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Photo#38377
name this insect please - Closterocoris amoenus

name this insect please - Closterocoris amoenus
Flintridge, Los Angeles County, California, USA
May 31, 2005
Size: body approx 0.5in
this photo is going to be in a photo show and I would really like to know the name of it. any help would be great. Thank you

Moved
Moved from Plant Bugs.

Probably not a mirid
I don't think this is a mirid, although you can't see enough to tell for sure. The shape of the head anterior to the eyes doesn't look "mirid." I'd guess Nabidae, but it's just a guess.

 
what about....
It's hard to tell from the above photo, but I'm wondering if it's the same species as this bug that I photographed in California and identified by looking at specimens at the UCB Essig museum.

I never had an expert verify my id (I know little to nothing about mirids), but it is a fairly distinctive looking bug that matched exactly those in the museum. The live individuals I've seen have been in the flowers of Mimulus aurantiacus (Bush Monkeyflower).

 
That's the bug!
Wow--gorgeous photos! Plus, yours show all sorts of diagnostic characters. You could run these pictures through a mirid key.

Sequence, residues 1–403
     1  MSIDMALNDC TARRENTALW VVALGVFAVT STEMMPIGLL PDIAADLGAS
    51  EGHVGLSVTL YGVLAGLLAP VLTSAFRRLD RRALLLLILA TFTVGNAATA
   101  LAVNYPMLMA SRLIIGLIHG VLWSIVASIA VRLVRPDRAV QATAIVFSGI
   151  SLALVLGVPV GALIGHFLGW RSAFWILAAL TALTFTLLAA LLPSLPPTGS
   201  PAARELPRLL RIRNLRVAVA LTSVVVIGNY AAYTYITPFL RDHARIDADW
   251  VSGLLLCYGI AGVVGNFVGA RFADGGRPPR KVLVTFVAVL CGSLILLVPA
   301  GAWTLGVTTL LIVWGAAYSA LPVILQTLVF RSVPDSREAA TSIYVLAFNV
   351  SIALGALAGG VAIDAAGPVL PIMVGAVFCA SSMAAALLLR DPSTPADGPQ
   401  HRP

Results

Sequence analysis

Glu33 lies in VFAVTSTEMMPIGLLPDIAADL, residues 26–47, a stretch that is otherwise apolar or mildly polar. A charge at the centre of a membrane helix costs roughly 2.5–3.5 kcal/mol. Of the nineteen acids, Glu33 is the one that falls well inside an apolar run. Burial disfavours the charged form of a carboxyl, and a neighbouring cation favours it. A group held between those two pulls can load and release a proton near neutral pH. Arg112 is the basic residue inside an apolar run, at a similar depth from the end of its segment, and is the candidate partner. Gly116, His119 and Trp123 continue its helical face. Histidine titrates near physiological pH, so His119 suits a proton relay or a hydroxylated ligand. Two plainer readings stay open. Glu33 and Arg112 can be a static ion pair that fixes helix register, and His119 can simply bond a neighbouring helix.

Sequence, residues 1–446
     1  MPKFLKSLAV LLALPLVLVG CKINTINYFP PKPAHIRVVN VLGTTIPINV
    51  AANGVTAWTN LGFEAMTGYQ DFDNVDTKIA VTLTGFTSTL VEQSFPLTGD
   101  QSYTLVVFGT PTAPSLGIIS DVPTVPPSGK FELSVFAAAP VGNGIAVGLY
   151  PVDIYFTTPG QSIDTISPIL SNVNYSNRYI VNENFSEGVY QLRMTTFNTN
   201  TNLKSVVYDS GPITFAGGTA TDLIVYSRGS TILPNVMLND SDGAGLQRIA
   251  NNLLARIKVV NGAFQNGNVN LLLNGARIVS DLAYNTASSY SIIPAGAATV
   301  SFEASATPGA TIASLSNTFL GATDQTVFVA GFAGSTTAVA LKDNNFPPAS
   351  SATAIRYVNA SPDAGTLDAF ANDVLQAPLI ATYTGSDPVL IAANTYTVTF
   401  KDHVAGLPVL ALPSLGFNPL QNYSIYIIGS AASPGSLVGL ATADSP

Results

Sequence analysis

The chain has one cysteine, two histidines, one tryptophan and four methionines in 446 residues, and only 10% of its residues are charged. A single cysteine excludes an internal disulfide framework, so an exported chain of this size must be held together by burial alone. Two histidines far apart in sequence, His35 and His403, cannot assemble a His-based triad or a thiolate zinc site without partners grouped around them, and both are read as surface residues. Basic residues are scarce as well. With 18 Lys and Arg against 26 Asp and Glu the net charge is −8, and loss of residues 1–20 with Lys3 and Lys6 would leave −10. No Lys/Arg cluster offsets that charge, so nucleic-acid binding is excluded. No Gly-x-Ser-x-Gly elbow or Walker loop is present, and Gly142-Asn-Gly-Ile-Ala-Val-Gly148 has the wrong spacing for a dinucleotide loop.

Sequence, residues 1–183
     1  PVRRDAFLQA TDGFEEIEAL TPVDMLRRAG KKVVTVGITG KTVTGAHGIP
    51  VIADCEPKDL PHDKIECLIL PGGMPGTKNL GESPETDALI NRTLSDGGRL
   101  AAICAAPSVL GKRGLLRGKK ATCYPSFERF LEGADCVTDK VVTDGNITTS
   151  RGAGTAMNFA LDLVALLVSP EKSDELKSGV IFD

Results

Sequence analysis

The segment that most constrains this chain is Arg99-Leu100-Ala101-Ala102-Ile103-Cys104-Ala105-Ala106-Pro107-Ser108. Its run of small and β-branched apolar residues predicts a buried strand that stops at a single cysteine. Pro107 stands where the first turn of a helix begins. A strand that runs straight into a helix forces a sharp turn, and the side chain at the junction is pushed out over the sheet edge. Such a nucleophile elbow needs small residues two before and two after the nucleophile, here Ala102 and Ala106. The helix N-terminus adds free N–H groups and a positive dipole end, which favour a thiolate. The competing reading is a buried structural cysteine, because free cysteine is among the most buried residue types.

That "head-on" angle made the bucculae look quite swollen, like some nabids, but I can see from your photos that this is not really the case. Of course, identifications from museum specimens are the "gold standard." I'm looking forward to viewing more of your pictures.

 
Joyce's photography is a pleasure to view.
You can click on anyone's name, which takes you to their profile page, then click on the link to their images. Here are joyce's.

 
loaded photos
A couple of my photos are in bugguide now here.

Not sure we should keep the photo on this page due to lack of details, but it's probably the same species, and we don't have a photo of it from southern CA...

There is a little info on this species on this AMNH page ... a cut-off description in French which, based on the words I can recognize, is consistent with this species.

Thanks for your comments on my photography Jim. :)

Feb 2, 2012 edit: The AMNH link above no longer goes to the right place; this one http://research.amnh.org/pbi/catalog/references.php?id=17669 seems to be the right one now.

Order is Hemiptera
That's the order of the true bugs.

I'm not so sure about family Reduvidae. They usually have a smaller head and a stouter beak. The bugs with long slender beaks usually feed on plant juices.

 
Miridae?
This is likely some kind of plant bug in the family Miridae, albeit a large one. Knowing the plant you found it on would help narrow the possibilities considerably (there are hundreds of species in Miridae).

Flyntridge?
Is that Flintridge as in La Cañada Flintridge? If so, you should change the county to Los Angeles.

I'm no expert, and the important details are impossible to see, but the general outline of the body looks vaguely like one of the true bugs in the family Reduviidae, better known as assasin bugs.

If that's what it is, then that thing tucked under its chin is a long, sharp "beak" that it stabs into other insects so it can suck their insides out.

It's too small to do any serious damage to humans, but the bite REALLY hurts- so I wouldn't try to handle it.

Update: I see that I was wrong about the family. Here's the link to the family Miridae.

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